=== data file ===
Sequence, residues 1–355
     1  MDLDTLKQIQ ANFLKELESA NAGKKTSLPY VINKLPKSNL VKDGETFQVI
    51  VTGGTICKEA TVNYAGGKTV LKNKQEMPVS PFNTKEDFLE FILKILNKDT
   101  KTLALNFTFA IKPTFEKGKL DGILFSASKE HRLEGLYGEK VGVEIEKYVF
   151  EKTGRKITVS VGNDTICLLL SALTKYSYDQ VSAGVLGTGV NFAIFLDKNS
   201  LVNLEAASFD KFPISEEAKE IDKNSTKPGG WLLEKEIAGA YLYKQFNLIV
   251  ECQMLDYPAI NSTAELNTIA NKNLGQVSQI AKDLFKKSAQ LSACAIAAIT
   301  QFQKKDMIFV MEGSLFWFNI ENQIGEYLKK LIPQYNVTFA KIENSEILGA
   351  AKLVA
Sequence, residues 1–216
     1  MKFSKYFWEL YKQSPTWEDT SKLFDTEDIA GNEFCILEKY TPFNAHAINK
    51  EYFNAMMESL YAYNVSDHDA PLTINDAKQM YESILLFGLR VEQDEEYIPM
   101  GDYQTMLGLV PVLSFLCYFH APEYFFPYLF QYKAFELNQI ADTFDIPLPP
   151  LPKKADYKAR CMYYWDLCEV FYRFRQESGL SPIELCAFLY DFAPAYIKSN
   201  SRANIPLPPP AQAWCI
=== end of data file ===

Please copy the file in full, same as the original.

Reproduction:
Sequence, residues 1–355
     1  MDLDTLKQIQ ANFLKELESA NAGKKTSLPY VINKLPKSNL VKDGETFQVI
    51  VTGGTICKEA TVNYAGGKTV LKNKQEMPVS PFNTKEDFLE FILKILNKDT
   101  KTLALNFTFA IKPTFEKGKL DGILFSASKE HRLEGLYGEK VGVEIEKYVF
   151  EKTGRKITVS VGNDTICLLL SALTKYSYDQ VSAGVLGTGV NFAIFLDKNS
   201  LVNLEAASFD KFPISEEAKE IDKNSTKPGG WLLEKEIAGA YLYKQFNLIV
   251  ECQMLDYPAI NSTAELNTIA NKNLGQVSQI AKDLFKKSAQ LSACAIAAIT
   301  QFQKKDMIFV MEGSLFWFNI ENQIGEYLKK LIPQYNVTFA KIENSEILGA
   351  AKLVA
Sequence, residues 1–216
     1  MKFSKYFWEL YKQSPTWEDT SKLFDTEDIA GNEFCILEKY TPFNAHAINK
    51  EYFNAMMESL YAYNVSDHDA PLTINDAKQM YESILLFGLR VEQDEEYIPM
   101  GDYQTMLGLV PVLSFLCYFH APEYFFPYLF QYKAFELNQI ADTFDIPLPP
   151  LPKKADYKAR CMYYWDLCEV FYRFRQESGL SPIELCAFLY DFAPAYIKSN
   201  SRANIPLPPP AQAWCI